Award Winning Drama on Race Relations

by Justine Dodgen

On February 17, The Bedrosian Center will host the first event of the Center’s newest program series, Policy at the Playhouse. With this series, the Bedrosian Center aims to recognize that conversations about governance take place in diverse spaces and are voiced by many different communities. The first event will be a viewing and post-show discussion of The Whipping Man at the historic Pasadena Playhouse.

 The Whipping Man, a play by emerging playwright Matthew Lopez, tells the story of a wounded confederate soldier who returns to the ruins of his family estate at the close of the Civil War. Two of the family’s recently-freed slaves remain, and the play centers on the three men, all devout Jews, as they share Passover together. The play’s themes toy with the tension between the three’s shared religious history and divisive personal experiences, the parallels between the Passover story of the Israelites escaping bondage in Egypt and the former slaves’ newfound freedom, and how the three men must find their places in the country’s new social order.

First produced in 2006, The Whipping Man has gone on to win several awards and become one of the most frequently produced dramas. Lopez, a young gay man of Puerto Rican descent, is often asked how he was inspired to write this story, to which he replies that the play’s themes of identity, inclusion, and exclusion relate to his own experience. Another inspiration, he reports, was the documentary play Fires in the Mirror, which tells the story of fatal confrontations between blacks and Hasidic Jews in Crown Heights, Brooklyn. Watching this story, he says, “I saw two groups not seeing their shared history of enslavement and persecution.”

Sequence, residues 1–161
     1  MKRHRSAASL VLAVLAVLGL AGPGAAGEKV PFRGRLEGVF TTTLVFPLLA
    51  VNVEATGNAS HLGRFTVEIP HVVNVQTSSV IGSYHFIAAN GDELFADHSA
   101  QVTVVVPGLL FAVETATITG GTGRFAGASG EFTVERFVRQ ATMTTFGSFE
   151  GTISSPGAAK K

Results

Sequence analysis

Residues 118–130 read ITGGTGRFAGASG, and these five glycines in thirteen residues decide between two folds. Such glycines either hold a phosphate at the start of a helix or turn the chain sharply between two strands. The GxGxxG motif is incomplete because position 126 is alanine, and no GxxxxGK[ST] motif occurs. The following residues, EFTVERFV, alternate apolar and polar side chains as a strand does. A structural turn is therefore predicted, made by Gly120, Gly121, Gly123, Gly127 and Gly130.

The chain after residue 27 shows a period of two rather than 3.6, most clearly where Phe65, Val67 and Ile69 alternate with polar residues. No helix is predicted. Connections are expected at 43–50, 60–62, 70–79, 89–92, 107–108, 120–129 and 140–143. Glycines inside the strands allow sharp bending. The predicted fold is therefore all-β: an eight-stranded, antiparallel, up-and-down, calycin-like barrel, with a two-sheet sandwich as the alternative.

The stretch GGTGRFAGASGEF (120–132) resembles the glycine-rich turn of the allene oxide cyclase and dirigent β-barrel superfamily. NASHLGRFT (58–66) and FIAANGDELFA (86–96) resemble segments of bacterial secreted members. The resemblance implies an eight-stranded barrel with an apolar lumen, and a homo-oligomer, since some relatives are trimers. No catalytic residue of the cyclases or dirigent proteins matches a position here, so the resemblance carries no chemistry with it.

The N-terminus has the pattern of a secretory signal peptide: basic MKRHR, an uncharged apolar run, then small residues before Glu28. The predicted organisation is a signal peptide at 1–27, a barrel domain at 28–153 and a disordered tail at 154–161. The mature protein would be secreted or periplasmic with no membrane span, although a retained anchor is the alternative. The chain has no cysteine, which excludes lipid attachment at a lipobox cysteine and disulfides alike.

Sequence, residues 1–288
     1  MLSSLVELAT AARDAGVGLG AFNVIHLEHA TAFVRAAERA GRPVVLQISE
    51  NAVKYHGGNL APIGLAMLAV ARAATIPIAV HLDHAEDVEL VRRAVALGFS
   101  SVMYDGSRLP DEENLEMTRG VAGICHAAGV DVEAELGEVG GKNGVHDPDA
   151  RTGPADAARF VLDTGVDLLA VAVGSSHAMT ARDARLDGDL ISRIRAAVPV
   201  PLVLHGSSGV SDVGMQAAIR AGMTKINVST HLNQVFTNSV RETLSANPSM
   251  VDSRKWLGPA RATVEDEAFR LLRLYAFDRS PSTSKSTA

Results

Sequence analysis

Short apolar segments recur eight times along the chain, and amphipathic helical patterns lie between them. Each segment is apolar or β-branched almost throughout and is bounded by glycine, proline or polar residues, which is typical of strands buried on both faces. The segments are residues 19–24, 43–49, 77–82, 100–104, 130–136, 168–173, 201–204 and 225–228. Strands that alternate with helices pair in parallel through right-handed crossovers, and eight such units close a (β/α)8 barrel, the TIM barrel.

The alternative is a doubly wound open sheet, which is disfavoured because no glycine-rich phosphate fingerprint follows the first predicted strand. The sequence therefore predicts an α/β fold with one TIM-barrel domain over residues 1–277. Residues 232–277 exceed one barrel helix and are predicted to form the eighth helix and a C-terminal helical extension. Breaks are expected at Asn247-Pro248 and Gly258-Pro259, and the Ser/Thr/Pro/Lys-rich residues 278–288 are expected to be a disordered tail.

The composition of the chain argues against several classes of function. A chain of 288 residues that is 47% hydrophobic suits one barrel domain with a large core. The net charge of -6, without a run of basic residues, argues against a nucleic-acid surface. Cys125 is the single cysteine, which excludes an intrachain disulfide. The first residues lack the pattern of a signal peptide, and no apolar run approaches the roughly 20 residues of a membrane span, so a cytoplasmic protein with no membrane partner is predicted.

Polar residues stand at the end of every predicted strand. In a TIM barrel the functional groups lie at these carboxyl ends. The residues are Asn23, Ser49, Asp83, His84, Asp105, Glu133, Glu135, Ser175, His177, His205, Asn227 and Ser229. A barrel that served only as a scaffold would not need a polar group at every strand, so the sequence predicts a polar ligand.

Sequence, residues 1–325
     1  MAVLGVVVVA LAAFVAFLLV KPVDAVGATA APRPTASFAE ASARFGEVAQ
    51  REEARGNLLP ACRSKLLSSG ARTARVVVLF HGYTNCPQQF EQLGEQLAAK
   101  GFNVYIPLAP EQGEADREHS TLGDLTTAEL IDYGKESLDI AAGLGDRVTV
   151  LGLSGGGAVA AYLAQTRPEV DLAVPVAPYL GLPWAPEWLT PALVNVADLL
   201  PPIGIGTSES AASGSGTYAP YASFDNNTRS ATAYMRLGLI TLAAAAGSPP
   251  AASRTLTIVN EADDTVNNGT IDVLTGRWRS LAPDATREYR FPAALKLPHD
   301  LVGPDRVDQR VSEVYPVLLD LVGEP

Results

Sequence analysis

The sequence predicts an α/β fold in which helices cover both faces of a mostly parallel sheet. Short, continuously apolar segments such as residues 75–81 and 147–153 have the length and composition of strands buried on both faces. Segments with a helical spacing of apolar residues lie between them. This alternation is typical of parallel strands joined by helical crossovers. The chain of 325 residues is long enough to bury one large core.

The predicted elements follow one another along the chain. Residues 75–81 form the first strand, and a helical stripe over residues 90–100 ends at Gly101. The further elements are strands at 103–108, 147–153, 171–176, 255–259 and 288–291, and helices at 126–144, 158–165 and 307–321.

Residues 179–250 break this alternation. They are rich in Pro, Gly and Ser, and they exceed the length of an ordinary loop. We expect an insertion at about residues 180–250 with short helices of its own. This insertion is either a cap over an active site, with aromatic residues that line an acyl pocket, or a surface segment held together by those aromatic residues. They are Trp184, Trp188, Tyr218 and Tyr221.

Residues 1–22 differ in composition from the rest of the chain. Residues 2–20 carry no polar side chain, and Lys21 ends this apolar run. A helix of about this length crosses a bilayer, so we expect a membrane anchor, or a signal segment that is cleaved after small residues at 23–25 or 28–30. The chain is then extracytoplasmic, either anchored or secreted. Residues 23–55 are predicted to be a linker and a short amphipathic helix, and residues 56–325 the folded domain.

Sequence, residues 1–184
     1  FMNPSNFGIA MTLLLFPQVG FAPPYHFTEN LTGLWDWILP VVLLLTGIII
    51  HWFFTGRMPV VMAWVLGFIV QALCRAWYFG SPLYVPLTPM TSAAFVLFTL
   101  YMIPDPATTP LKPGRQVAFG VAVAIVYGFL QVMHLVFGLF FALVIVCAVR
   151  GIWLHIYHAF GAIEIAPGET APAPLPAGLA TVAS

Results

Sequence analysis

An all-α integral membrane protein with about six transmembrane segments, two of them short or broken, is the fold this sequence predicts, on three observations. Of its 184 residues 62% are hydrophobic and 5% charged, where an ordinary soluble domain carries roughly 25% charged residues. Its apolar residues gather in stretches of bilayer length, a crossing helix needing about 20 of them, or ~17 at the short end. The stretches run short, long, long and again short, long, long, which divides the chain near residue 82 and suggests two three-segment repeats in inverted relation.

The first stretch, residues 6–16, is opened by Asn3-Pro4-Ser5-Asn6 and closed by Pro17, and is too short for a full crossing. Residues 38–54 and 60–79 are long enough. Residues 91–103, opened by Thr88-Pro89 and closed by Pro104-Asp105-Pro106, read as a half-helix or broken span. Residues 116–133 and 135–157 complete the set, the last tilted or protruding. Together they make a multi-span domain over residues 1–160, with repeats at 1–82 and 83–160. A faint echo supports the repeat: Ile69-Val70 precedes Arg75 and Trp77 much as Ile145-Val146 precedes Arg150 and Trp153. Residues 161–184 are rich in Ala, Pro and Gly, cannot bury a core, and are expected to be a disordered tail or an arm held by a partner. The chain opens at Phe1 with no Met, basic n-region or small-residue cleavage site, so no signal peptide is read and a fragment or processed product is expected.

In a recent LA Times interview, Lopez was asked about the relevance of his story to America’s post-Ferguson environment and dialogue about race. “My play predates all of those things, but it suggests that these are not settled matters, and they are not ever going to go away unless we face them,” he said. “We have to accept our history; we have to own it.”

At the event’s post-show discussion, Professor Bostic will join Sam Erman, Assistant Professor at USC Gould School of Law and scholar of U.S. race relations, and Charlie Robinson, who plays one of the former slaves, to talk about the ongoing relevance of the play’s themes and their importance to effective governance.

$15 tickets are available for USC students (a code is needed, email us to get it) and a limited number of discounted group tickets are available for faculty and staff. Tickets may be purchased by on Eventbrite, click here.